Last week I went on a tour of the New York Federal Reserve Bank museum. Sadly we weren’t allowed to take photos, so you’ll have to imagine for yourself what $48,000,000 in shredded banknotes looks like, but we had an excellent guide, and I really enjoyed the visit – what follows is some hopefully-not-too-inaccurate notes of my personal highlights.
When the Federal Reserve act was passed in 1913, the country was divided into 12 areas, based on their population at the time, and these remain the divisions of the Federal Reserve banking system. Each of these locations has a code, beginning with 1A in the North East, and ending with 12L on the West Coast, and each banknote is marked with the number and letter of the division from which it originated. (Cue much rummaging through bank notes to see where they came from.)
The museum is located on the old bond sales floor, and boasts fine ironwork and Guastavino arches. The whole building was designed to be reminiscent of Renaissance Italian palazzi, and there is lots of interesting information about it on their website. They’re currently renovating the exhibits so this part felt a little disjointed, but it should be good once it’s finished, and our guide, Anna, did an excellent job explaining everything.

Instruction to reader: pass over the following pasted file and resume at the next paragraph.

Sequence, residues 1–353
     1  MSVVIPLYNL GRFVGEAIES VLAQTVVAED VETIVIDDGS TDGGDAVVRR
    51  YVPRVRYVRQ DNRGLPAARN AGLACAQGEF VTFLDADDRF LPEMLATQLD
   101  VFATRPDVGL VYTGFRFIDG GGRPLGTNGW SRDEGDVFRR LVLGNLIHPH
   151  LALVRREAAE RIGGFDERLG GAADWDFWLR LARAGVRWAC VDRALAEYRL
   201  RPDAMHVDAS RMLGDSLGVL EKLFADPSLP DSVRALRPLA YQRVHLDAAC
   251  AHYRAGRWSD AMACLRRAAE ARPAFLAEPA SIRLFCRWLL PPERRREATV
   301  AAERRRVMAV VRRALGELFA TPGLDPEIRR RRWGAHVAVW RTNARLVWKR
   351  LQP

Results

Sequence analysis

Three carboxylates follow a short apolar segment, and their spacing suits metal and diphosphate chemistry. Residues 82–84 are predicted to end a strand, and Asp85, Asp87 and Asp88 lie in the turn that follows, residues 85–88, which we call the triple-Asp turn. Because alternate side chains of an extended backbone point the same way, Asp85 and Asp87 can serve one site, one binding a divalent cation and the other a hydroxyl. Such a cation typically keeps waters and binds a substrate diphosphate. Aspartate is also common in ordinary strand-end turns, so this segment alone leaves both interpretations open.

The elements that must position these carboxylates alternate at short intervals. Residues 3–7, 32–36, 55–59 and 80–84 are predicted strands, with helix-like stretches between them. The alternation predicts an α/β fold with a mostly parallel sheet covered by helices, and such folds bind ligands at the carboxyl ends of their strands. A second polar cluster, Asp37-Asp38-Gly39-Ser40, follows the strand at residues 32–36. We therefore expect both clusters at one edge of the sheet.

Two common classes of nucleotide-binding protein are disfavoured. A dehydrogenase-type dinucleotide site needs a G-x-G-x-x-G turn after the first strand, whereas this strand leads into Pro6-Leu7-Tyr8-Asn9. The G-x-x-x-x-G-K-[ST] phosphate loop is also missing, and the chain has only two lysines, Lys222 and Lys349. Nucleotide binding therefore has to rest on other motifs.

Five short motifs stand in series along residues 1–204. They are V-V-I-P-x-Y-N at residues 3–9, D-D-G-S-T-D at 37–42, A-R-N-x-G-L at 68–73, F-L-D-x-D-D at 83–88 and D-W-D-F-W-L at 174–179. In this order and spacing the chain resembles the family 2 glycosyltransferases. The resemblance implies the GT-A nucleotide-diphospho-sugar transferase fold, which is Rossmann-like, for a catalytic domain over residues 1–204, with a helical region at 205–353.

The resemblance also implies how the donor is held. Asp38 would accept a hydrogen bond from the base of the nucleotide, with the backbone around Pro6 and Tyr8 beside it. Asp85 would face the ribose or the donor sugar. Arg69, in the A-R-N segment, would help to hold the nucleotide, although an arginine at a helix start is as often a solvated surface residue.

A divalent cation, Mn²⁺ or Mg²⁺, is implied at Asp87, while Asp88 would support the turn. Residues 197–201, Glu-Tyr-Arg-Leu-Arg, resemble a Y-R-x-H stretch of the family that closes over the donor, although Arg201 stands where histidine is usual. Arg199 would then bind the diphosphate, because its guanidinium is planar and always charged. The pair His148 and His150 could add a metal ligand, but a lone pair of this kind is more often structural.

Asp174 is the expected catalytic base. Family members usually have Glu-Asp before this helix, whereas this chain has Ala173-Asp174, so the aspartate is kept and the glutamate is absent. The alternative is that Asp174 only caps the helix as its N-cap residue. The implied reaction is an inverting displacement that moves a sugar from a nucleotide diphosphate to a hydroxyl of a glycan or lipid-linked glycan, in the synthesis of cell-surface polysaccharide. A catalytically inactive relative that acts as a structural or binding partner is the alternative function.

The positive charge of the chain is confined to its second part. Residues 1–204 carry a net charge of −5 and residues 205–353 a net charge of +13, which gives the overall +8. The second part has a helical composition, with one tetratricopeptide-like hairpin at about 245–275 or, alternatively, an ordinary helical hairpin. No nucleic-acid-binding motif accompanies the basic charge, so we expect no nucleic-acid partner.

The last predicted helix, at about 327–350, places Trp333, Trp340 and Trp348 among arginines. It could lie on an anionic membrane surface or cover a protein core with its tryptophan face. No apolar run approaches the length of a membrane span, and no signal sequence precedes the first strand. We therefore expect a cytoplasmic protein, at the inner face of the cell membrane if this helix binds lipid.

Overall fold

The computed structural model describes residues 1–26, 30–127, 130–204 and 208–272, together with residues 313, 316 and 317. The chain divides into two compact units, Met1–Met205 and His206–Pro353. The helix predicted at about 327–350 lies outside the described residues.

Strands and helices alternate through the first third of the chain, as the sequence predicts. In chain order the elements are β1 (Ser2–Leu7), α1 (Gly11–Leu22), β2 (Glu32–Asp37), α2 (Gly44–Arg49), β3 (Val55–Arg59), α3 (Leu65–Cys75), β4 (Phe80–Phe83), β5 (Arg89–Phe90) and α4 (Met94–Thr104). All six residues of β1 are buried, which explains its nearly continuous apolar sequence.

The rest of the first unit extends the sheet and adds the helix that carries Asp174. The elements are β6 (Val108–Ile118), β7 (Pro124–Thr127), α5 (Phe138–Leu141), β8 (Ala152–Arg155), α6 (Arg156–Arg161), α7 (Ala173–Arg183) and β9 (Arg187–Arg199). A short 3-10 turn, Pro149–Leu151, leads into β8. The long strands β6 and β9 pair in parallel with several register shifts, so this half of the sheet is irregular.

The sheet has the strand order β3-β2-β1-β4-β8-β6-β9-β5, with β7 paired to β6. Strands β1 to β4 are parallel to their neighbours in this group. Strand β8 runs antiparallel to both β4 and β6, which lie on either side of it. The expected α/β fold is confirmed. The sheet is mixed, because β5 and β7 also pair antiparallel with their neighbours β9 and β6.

The gold vault is 80 feet below, and virtually impenetrable as it sits encased in Manhattan schist, with a substantial layer of steel above. The bedrock also provides a secure foundation, so the heavy gold bars can be stacked to the ceiling without sinking any further into the ground (apparently this is a problem for other banks which store gold, particularly on London’s soggy, sedimentary soil).
Deposits comprise around one quarter of the world’s gold reserves, and belong to 40 countries (individuals have to keep their gold elsewhere). Much of this is legacy gold – deposits which have been there for years, and likely to remain – as it is currently prohibitively expensive to move your gold around (another entry for my list of “would be nice to have” problems), but apparently occasionally some bars get moved from one vault to another as transactions take place elsewhere. If I recall correctly, the largest deposit has something like 107,000 bars of gold, and the smallest just 1. Only a little US gold is held here – most of that is stored elsewhere (e.g. Fort Knox).
The vault is protected by a multi-part security system, of which the centerpiece is the original nine-foot-tall, ninety-ton steel cylinder set within a 140-ton steel-and-concrete frame. A tunnel through the cylinder provides access, then each night it gets rotated to close the entrance and create an airtight and watertight seal within the frame. Walking through it was more exciting than I would have imagined, although the vault itself is somewhat disappointingly utilitarian.
Our visit was organized by a friend of mine who works at the Fed, but I see from the website that the museum tours are open to the general public (reservations required) – all the necessary is on their website, and I’d heartily recommend it.